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A Ripple Instead of a Wave

I just read an op-ed on how boomers are being ignored; how TV, commercials, movies and music are all geared toward the younger generations. We older folk are left out. The article exhorted our country, if that is possible, to remember our numbers, our power, and our pocketbooks before dismissing us. I tend to agree.

The message behind the article was an implicit recognition of one of the challenges of being an aging boomer. After a lifetime of being special, of both being on the leading edge and having the numbers to make that edge meaningful, we are suddenly showing up as part of the history that shaped our society. We are seen as part of our culture’s past instead of demonstrating the power and prestige to set the stage for the future.

Are we special?

What a shocking reframe. We have moved from trend-setter to observer, from creating to catching up. We still have numbers and dollars and we are still demanding attention, but in a very different way.

I watch as millennials are immersed in designing the latest technology to support our aging generation. They know that this longevity market will not only be a stimulus for creative design, but will be profitable as well. From Alexa providing information, to robots tending to our pills; from video diagnostics to self-driving cars, technology will make our lives easier in the future.

Yet, this is not how I thought my aging would play out. I didn’t think of myself as the OBJECT of creative talent, but instead, the subject. I thought I would always be the new kid on the block with the latest ideas and the energy to implement them. I thought I would be sought after as credible source of expertise, instead of a repository of wisdom, implying the years of experience behind.

During the younger, tired moments, after a busy day managing a large staff and planning a new project, when I looked forward to the rocking chair and the grandchildren, I did have a smile on my face. I did believe that this phase of life would be filled with contentment and peace. Yet, as I approach 70, I am still in search of that peace. After years of working with my mind, thriving on exhilarating creative connections, a rocking chair just doesn’t quite do it for me.

Where has all the power gone?

I can’t blame culture or society for putting me out to pasture. I can’t blame the fact that there are so many millennials who are shaping the future. The reality is that our boomer generation, just like the millennials of today, took over our parents’ generation and ran with the opportunities. We were quite full of ourselves as we pushed forward with our protests and rock and roll music which disturbed the older folk to no end. This process of passing the torch of shaping the world to come has been going on forever.

Where does this leave our generation, with enough energy and power in numbers to still make a difference, just not so much of a difference? Today we can still produce a ripple, just not a wave. Can we be satisfied with that ripple?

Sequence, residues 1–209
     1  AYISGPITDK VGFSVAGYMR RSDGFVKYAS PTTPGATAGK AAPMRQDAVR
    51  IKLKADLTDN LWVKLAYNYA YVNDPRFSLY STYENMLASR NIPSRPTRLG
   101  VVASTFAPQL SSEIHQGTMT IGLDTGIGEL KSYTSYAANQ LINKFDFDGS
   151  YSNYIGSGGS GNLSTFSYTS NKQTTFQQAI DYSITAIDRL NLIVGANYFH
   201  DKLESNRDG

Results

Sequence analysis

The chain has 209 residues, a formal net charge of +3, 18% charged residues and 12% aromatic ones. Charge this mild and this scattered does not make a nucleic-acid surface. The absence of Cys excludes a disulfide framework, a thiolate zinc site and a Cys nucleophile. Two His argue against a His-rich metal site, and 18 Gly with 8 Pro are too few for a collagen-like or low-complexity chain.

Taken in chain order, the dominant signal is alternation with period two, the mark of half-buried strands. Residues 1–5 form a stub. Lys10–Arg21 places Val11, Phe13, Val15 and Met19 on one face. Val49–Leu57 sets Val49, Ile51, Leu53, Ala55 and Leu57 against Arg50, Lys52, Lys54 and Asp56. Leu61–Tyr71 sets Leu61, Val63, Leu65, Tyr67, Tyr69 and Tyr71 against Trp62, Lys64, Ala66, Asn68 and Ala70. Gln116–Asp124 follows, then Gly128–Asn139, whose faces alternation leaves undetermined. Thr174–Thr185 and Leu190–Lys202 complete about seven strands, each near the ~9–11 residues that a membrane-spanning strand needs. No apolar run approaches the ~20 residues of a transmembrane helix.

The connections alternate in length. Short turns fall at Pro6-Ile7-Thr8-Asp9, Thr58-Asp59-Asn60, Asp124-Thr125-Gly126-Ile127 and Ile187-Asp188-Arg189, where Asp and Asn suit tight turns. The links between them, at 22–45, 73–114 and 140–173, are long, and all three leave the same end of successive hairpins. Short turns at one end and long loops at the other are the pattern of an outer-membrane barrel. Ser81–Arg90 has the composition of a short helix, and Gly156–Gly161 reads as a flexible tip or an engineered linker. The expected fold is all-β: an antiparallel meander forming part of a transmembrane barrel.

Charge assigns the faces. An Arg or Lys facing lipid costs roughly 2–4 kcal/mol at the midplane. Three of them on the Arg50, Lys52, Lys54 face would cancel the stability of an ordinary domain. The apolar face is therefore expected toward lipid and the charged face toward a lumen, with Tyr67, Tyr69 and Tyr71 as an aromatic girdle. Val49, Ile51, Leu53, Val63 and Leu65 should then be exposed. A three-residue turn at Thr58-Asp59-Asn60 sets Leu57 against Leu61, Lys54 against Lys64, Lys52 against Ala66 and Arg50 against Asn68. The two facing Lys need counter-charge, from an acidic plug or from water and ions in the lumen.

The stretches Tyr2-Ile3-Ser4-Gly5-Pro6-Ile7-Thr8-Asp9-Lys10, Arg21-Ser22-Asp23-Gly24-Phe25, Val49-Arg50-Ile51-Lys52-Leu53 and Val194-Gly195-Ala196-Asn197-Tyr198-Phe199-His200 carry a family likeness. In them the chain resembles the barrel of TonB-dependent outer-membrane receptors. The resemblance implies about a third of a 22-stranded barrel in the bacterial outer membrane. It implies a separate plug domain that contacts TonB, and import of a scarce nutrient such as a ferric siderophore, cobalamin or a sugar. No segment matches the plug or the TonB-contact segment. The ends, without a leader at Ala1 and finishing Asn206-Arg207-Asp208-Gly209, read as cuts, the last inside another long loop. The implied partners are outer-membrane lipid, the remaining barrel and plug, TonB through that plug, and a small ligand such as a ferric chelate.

Power of past, strength in numbers

It’s hard. I believe that is one reason why so many people of our boomer generation keep working into their 70’s. They may be tired, but they still believe that can have an impact. And for those who do step back from their prior work life, seeking a new focus of gratification becomes crucial. Some land in politics, others at the museum; still others start a new business.

We do have a lot of wisdom, something for which we can be grateful. We have contributed a lot over the years at work, at home and in our communities, of which we can be proud. All of that is with us, not just behind us.

Recognize the strength

As we have leaned into each new phase of our lives over the years, we grieved what we had lost, yet learned what was necessary and adjusted to the new demands. We thrived on the challenges thrown in our direction and made the most of them. As we approached our first job with excitement and trepidation, managed a business re-org with fear and self-respect, or stepped out of a relationship with a combination of sadness, anger and relief, we marched onward to a new beat. So too today.

Let go of the trash and keep the treasures

Our challenge today as boomers is to find our new rhythm, to enjoy our new dance, to appreciate the salsa instead of the tango. Having let go of what we don’t need and valuing all that we carry forward to our new lives, we can bask in the joy of a new vision. What a gift to leave all that behind and start, in so many ways, fresh. We can let go of all that “trash” and keep only what we choose. I like to think of it as a socio-emotional yard sale.

Appreciate the alternatives

Forget the stress and keep the wisdom; leave behind the work day politics and choose those people with whom we want to connect. Today we have the opportunity to pick and choose our options and don’t need to feel trapped. We are smart enough and have enough experience and energy to manage that transition.

Grab the clay and shape the future

I can honestly say that this life is not how I envisioned my aging; but how would I have known? My parents’ lives were so different; even those 20 years my senior entered this phase of life under different circumstances. I only have my experiences to shape my expectations and that has limited my vision. For once, books don’t seem to hold the answer.

Now that I am here, however, I can set the stage to shape my own way of being. I can look in the mirror and not just reflect on what is, but energetically create MY future.

Just think of the power in the numbers of all us boomers doing just that! Maybe that will generate a bit more than a ripple.

To explore YOUR next stage of life, contact

Eloise Stiglitz, Ph.D.



#wisdom #acceptinglimits #aging #lifetransition

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